Something that really struck me was at the end, one of the soldiers became very depressed and despondent because he HAD survived. There was something within him that felt guilty because he was going home. It was very moving.
We owe these men and women so much!
I wish I had read this exerpt yesterday BEFORE I had posted my blog. I struggle between a fleshly response to terrorism, etc -- and a Christlike response. This is from M. Scott Peck:
I cannot be any more specific about the methodology of love than to quote these words of an old priest who spent many years in the battle: "There are dozens of ways to deal with evil and several ways to conquer it. All of them are facets of the truth that the only ultimate way to conquer evil is to let it be smothered within a willing, living human being. When it is absorbed there like blood in a sponge or a spear into one's heart, it loses its power and goes no further."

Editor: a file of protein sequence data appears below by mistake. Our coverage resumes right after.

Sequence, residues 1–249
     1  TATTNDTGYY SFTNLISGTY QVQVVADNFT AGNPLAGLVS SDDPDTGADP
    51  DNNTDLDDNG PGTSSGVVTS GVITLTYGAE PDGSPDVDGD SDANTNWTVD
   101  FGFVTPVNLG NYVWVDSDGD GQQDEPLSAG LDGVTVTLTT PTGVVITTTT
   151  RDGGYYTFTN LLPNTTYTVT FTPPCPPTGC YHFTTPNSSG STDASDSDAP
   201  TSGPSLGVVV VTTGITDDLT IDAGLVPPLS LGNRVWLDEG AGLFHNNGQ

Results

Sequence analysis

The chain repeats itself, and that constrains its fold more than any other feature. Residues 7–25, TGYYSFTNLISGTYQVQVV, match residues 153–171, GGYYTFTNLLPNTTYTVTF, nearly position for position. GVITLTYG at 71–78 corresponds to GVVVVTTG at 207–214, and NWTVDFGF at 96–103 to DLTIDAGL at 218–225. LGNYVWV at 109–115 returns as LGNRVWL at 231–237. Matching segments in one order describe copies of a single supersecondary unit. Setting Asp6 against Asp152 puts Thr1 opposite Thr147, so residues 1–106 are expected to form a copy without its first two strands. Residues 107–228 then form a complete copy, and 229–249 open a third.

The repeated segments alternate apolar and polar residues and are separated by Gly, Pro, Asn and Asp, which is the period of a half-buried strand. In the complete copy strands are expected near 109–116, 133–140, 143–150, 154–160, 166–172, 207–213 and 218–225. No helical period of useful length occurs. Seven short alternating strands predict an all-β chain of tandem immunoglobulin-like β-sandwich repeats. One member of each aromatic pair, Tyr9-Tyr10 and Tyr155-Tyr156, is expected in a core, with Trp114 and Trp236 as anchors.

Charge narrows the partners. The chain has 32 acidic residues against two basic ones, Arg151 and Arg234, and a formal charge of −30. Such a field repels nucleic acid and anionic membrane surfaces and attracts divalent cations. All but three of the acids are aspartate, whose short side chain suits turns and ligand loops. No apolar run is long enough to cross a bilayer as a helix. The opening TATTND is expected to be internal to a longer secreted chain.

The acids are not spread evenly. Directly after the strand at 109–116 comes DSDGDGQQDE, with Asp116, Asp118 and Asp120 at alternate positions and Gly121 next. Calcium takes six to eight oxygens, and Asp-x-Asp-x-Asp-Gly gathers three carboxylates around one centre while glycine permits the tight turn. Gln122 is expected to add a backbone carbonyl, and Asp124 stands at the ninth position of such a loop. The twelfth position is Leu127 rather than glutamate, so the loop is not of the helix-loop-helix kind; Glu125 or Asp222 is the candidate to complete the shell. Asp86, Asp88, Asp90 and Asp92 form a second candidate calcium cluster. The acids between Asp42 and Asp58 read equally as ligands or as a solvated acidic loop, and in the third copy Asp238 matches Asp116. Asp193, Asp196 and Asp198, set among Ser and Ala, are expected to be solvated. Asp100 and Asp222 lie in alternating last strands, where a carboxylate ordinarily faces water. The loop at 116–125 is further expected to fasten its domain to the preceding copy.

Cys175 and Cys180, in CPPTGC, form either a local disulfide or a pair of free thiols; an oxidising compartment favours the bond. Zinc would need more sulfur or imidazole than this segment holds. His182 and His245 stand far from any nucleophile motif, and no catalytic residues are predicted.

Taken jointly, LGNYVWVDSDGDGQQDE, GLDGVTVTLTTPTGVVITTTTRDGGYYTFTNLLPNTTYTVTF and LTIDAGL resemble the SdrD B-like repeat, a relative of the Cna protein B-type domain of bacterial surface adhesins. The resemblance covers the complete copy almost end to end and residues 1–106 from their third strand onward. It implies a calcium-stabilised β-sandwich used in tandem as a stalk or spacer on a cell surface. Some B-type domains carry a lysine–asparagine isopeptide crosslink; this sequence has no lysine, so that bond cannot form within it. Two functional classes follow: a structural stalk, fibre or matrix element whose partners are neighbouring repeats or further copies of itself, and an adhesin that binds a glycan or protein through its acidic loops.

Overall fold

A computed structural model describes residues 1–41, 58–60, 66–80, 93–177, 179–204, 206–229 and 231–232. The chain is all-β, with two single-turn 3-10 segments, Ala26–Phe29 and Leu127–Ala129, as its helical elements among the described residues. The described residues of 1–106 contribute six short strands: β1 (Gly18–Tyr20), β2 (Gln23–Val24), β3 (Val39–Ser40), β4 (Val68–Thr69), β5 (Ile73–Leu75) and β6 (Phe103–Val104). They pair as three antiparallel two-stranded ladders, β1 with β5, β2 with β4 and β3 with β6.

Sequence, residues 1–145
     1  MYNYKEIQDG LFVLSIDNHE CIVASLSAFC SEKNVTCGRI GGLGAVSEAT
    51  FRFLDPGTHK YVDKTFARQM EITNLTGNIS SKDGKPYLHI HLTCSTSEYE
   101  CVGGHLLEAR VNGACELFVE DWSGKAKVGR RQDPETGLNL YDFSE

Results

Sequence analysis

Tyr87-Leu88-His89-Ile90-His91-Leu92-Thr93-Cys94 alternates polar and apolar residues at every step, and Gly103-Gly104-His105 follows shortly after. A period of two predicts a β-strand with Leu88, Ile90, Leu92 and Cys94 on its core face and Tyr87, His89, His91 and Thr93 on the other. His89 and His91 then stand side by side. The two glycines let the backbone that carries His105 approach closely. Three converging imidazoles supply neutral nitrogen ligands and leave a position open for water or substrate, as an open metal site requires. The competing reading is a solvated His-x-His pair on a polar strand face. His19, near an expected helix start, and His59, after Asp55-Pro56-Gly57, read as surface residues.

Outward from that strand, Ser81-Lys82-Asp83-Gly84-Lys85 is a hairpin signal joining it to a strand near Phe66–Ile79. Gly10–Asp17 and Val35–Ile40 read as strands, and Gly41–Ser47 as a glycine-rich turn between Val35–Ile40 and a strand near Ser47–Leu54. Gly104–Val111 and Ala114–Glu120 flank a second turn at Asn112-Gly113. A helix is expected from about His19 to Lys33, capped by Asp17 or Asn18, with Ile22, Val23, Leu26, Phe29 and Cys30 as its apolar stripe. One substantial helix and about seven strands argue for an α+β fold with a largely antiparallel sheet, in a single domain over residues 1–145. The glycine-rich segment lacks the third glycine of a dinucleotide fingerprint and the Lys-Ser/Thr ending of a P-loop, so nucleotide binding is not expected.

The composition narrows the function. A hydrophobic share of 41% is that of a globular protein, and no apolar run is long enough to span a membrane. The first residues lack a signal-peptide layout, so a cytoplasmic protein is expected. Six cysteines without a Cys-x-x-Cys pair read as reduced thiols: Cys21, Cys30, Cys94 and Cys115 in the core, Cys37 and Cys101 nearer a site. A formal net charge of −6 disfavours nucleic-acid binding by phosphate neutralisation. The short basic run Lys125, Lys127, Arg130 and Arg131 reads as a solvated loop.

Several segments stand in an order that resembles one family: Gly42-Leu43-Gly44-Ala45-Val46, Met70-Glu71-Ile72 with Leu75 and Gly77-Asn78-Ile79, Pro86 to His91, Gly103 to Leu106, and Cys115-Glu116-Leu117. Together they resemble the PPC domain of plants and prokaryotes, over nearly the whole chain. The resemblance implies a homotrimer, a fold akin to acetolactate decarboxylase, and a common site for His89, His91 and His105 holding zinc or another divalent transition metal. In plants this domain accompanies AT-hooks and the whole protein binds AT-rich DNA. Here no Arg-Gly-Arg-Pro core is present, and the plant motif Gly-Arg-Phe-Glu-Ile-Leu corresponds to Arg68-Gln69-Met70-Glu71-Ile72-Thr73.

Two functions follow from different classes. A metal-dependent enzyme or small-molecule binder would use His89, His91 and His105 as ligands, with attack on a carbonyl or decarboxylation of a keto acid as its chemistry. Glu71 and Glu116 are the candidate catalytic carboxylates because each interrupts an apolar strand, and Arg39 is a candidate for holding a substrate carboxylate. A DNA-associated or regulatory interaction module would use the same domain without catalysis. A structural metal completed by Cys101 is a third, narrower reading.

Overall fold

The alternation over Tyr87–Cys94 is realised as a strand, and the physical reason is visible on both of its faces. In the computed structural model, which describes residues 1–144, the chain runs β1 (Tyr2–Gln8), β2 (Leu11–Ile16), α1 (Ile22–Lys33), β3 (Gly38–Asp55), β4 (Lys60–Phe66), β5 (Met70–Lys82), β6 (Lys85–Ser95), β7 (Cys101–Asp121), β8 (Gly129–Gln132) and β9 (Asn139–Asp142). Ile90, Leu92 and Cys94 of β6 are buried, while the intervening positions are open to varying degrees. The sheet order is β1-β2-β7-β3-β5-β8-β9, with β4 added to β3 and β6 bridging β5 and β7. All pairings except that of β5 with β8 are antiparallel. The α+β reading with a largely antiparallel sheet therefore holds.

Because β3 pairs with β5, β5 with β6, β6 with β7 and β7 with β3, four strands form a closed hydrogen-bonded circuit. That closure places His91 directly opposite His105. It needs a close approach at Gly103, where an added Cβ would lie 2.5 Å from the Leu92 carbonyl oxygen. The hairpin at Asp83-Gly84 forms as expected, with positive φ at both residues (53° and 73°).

The healing of evil -- scientifically or otherwise -- can be accomplished only by the love of individuals. A willing sacrifice is required . . . I do not know how this occurs. But I know that it does . . . Whenever this happens there is a slight shift in the balance of power in the world.
We ourselves in recent history have seen this truth embodied in Martin Luther King, Jr, Nelson Mandela, and Alexander Solzhenitsyn.
This from Philip Yancey: "The cross redefines God as One who was willing to relinquish power for the sake of love. Jesus became, in Dorothy Solle's phrase, "God's ultimate disarmament." Power, no matter how well-intentioned, tends to cause suffering. Love, being vulnerable, absorbs it. In a point of convergence on a hill called Calvary, God renounced the one for the sake of the other."